Jun 26, 2014

Independent Study by Joelle Charbonneau Review

Independent Study by Joelle Charbonneau
(The Testing #2)
Release Date: January 7, 2014
Publisher: Houghton Mifflin Books for Children; 310 pages
In the series debut The Testing, sixteen-year-old Cia Vale was chosen by the United Commonwealth government as one of the best and brightest graduates of all the colonies . . . a promising leader in the effort to revitalize postwar civilization. In Independent Study, Cia is a freshman at the University in Tosu City with her hometown sweetheart, Tomas—and though the government has tried to erase her memory of the brutal horrors of The Testing, Cia remembers. Her attempts to expose the ugly truth behind the government’s murderous programs put her—and her loved ones—in a world of danger. But the future of the Commonwealth depends on her.

 Warning!  There will be slight spoilers for The Testing in this review.  If you do not wish to be spoiled, proceed with caution.

For starters I want to say how much I love the titles of these books.  They are so simple, yet they say so much in them.  Also the covers as well.  And the tag line!  Seriously the marketing for this book is just amazing overall.  It just screams pick me up!  It's a good thing that in this case you can definitely judge the book by it's cover because this series is just so good.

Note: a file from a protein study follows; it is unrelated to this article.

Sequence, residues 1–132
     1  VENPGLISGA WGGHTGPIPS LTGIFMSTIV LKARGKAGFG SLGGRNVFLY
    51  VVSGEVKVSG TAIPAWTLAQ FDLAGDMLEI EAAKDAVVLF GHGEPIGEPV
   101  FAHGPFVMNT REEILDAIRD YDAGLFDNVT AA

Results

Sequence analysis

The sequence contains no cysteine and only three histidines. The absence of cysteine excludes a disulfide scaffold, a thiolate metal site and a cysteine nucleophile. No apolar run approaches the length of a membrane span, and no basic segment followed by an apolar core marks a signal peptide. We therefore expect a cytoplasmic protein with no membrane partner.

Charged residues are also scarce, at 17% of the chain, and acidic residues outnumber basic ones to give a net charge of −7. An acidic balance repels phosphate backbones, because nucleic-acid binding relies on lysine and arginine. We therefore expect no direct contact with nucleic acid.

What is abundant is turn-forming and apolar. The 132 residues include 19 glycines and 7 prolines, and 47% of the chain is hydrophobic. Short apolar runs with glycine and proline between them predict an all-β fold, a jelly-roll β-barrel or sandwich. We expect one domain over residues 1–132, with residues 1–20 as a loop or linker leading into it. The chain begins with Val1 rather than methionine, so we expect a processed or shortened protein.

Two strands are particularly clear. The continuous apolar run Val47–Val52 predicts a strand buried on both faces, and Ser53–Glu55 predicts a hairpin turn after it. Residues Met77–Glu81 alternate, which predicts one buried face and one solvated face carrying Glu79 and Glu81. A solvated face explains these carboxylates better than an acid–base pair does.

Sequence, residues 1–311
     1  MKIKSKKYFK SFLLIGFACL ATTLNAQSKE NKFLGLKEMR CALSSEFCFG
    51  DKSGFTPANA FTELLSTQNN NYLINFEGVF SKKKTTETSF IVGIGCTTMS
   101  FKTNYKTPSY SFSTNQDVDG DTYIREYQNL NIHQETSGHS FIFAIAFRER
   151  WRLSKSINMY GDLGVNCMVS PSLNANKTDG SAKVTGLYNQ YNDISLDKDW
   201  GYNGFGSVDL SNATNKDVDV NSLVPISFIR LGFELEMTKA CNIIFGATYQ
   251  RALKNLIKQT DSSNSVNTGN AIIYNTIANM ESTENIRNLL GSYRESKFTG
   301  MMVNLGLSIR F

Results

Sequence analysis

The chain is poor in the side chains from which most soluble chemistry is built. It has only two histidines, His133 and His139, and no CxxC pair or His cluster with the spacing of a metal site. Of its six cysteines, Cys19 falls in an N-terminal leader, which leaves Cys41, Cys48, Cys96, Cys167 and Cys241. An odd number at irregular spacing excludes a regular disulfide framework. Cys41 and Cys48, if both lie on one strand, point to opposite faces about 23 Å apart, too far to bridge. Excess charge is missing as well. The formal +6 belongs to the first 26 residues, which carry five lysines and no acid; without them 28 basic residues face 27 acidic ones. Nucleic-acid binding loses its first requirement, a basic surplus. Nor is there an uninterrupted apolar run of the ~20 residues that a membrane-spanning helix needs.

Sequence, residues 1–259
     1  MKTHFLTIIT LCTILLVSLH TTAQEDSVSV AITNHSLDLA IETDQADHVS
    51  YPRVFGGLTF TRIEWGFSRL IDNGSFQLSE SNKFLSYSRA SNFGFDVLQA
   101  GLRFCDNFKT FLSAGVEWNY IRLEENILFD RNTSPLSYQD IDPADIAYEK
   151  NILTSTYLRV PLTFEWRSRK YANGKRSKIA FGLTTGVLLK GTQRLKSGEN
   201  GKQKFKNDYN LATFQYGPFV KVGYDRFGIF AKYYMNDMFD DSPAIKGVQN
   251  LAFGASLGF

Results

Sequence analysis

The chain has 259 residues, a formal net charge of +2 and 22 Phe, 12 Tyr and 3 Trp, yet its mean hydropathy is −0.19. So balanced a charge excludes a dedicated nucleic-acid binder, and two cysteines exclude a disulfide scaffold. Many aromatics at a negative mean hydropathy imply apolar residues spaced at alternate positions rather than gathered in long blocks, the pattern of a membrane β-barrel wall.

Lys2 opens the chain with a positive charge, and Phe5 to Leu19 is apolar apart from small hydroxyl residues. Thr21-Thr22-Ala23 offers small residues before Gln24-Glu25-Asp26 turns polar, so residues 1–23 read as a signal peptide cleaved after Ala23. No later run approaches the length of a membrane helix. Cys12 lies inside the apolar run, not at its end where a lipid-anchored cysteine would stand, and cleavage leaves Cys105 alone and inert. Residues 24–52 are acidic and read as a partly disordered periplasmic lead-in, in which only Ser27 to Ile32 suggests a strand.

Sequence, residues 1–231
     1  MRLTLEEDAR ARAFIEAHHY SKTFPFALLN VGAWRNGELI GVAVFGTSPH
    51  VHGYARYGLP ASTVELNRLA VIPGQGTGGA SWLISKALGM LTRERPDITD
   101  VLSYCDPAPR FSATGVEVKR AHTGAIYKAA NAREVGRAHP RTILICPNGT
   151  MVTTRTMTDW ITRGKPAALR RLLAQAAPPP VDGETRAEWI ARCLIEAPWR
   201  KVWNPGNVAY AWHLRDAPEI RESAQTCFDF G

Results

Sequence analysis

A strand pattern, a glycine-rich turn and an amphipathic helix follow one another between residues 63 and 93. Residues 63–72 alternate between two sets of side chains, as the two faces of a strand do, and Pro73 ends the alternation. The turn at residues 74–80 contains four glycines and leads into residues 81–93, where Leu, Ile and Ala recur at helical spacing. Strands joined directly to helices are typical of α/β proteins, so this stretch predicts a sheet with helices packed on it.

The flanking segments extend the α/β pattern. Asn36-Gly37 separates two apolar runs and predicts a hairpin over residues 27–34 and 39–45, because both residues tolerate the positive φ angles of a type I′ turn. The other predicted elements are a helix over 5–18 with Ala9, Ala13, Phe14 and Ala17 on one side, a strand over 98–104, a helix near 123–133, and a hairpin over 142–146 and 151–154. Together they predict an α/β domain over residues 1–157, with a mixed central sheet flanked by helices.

Independent Study picks up a few weeks after the ending of The Testing.  The ending of the first book made me anxious for the second one.  Cia listening to the recording she made for herself was the perfect ending. Now she has to decide if she should trust her own voice, since she has no memories of her actual Testing. It's a very peculiar situation to be in.  I know if I were in her position, I would probably think of it as a prank. It's not that I don't trust myself, but she's in a situation where she's constantly tested.  So I would assume it would be a test.

Cia is such a great character.  In my review for The Testing, I didn't mention how much I adored her.  She's really hard to not like.  She genuinely loves learning.  She has this thirst for knowledge.  It's nice to read that in a YA book.  To have a character that enjoys school.  Because personally I enjoyed school growing up.  Cia has some choices to make in this book.  Her mind and her gut are sort of at odds.  But when you're faced with that decision you have to just trust your instincts.

The lack of Tomas was a personal bummer for me.  But as a book, it works really well.  You don't have your typical 2nd book break up.  That usually occurs in young adult novels.  While yes, Tomas and Cia have their issues.  It's nothing that's overly dramatized, and it's issues that make sense.

There are quite a few new characters that are introduced and that really freshens up the story.  You are challenged to figure out who Cia should trust, and who she shouldn't.  That's always fun to read.  And the ending, my gosh the ending!  Seriously what a cliff hanger!  That is how you end a book.  It made me very much excited for the last book, Graduation Day!

1 comment:

  1. Glad to hear that this one didn't suffer from middle book syndrome!
    Great review!


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